Some changes have been made to this revival, but the advantages gained through some of them are cancelled out by others that lead to scenes working less well. Last time Act I’s ‘Quando rapito in estasi’ was sung with Lucia and Edgardo partially undressing and indulging in sexual intercourse (although the act was actually rendered very tamely). The difficulty was that the insertion of clear actions to play this out did not make the emotions of the two characters flow naturally, and this time the pair remain standing throughout the duet. However, although this change is a positive move overall, it does not provide so clear a signal that the pair made love, thus explaining why Lucia should become pregnant. In addition, the act of placing the ghost of the girl between Lucia and Edgardo towards the end of the scene remains, and while it makes sense symbolically, as it reveals the barriers to their love ever being, dramatically it destroys the chemistry between the pair at that moment.  

One scene that certainly works less well by being toned down is the one in which, in this production, we see Lucia with the help of her companion Alisa murdering Arturo in the bedroom. It is true that in 2016 this was so bloody and hyperbolic that it actually felt comical, but this had still been one of the places where the displaying of two scenes in parallel worked best. The scene in the original opera shows Enrico challenging Edgardo to a duel. This act may lead to bloodshed but in itself is civil as the men agree to it over whisky. Thus it stood in direct contrast to the women who in the ‘adjacent’ room were pummelling the very life out of someone. In this instance, the additional scene did not simply contribute unnecessary detail or information, but emphasised something in the main scene by contrasting it with the ‘opposite’. One of Mitchell's aims in this production was to show Lucia not as some passive person, but as active and strong-minded, and this scene previously provided one of the best illustrations of her being so.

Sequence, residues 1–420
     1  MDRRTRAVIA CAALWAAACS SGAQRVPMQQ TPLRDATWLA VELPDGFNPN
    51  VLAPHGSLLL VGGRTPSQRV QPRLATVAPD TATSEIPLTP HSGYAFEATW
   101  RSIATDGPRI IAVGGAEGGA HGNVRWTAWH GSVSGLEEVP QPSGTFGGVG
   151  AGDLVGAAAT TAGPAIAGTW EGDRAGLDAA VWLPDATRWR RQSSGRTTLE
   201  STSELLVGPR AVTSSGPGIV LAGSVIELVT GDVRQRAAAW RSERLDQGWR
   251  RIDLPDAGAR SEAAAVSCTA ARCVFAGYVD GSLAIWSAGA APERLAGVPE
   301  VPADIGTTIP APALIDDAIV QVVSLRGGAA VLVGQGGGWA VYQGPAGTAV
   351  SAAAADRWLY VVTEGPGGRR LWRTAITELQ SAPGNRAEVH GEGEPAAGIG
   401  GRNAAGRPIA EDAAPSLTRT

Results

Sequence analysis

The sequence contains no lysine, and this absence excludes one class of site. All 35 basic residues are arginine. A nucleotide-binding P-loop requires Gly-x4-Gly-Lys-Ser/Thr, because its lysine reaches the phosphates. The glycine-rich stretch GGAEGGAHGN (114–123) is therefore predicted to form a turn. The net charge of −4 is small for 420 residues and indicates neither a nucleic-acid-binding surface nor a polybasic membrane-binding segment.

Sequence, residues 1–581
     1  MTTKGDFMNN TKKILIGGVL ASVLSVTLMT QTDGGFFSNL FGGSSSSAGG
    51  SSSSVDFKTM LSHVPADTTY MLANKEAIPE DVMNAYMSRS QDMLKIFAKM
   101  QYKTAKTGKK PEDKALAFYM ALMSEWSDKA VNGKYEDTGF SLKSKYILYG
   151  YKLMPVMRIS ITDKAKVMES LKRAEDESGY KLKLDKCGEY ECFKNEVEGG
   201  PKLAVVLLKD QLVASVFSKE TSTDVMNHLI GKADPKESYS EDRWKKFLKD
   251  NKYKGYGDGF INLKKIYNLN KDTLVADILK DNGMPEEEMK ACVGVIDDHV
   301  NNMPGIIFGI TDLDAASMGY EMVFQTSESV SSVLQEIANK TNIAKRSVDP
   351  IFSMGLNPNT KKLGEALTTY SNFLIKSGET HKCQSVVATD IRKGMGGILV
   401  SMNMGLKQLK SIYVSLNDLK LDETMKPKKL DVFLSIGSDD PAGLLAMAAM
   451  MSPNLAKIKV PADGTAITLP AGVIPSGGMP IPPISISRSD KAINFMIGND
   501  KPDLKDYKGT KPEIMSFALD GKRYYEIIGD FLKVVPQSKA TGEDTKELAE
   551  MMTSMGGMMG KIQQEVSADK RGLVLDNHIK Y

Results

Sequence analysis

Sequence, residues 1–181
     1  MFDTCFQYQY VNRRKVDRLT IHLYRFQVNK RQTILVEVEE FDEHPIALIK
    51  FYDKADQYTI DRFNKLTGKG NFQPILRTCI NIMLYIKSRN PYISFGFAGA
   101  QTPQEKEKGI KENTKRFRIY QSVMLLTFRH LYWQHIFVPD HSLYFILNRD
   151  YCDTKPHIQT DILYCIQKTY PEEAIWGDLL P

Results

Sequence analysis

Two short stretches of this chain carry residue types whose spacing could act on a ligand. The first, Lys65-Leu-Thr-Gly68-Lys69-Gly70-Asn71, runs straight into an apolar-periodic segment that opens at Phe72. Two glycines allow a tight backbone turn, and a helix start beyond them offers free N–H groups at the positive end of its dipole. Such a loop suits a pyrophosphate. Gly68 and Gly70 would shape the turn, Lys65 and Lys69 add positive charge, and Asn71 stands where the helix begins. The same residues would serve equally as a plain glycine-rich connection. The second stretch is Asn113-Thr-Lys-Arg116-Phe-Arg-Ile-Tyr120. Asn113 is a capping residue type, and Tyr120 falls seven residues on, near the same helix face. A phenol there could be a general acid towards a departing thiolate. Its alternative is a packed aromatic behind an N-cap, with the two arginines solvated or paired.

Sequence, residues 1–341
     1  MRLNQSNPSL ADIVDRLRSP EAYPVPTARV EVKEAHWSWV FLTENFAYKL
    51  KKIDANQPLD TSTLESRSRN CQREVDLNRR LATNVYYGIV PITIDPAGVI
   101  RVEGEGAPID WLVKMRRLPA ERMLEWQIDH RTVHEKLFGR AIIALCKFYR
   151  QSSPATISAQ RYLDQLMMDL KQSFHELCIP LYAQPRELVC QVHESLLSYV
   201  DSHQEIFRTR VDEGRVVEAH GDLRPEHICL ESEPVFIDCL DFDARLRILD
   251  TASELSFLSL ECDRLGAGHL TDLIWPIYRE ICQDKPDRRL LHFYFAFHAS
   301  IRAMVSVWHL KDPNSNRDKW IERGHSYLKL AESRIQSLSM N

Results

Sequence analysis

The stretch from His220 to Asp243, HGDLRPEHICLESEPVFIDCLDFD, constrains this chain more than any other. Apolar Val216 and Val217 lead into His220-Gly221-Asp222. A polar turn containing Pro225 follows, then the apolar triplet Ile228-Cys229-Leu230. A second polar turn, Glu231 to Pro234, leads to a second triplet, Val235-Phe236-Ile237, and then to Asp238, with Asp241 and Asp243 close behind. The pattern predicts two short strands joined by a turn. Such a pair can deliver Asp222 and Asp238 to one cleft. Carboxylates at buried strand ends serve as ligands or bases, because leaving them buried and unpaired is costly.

Nevertheless, irrespective of the strengths and weaknesses of the staging, the evening is a triumph because its musical credentials are so outstanding. Lisette Oropesa dazzles in the title role as her soprano is powerful enough to pierce our very hearts, yet never feels extravagant or overblown. It is paradoxical that her lines in ‘Il dolce suono’(from the famous ‘mad scene’) seem almost as if they could evaporate into thin air, and yet, because of the underlying strength of technique and precision, feel rock steady.

Charles Castronovo is also on top form as Edgardo with his romantic tenor instrument being possessed of sufficient weight to create a full and expansive sound. Christopher Maltman is exceptional as Enrico, while Michele Pertusi reveals an extremely strong bass as the Calvinist chaplain Raimondo. Rachael Lloyd, Andrew Tortise and Konu Kim also play their parts to the full as Alisa, Enrico’s friend Normanno and Arturo respectively. Conductor Michele Mariotti shapes the score very well, appropriately capturing its haunting and mystical elements. His pacing is also strong, enabling the music to breathe with no sense of haste, and yet never allowing things to languish to an unpalatable degree.

By Sam Smith

Lucia di Lammermoor | 30 October – 27 November 2017 | Royal Opera House, Covent Garden